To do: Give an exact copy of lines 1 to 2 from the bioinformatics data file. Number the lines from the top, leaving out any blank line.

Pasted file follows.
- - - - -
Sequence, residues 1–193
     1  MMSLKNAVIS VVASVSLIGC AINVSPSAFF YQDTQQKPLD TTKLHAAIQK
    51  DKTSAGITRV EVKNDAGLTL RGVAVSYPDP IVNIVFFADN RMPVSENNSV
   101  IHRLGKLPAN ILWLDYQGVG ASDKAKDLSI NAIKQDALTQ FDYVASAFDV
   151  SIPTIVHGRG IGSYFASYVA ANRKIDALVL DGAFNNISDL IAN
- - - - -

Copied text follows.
Sequence, residues 1–193
     1  MMSLKNAVIS VVASVSLIGC AINVSPSAFF YQDTQQKPLD TTKLHAAIQK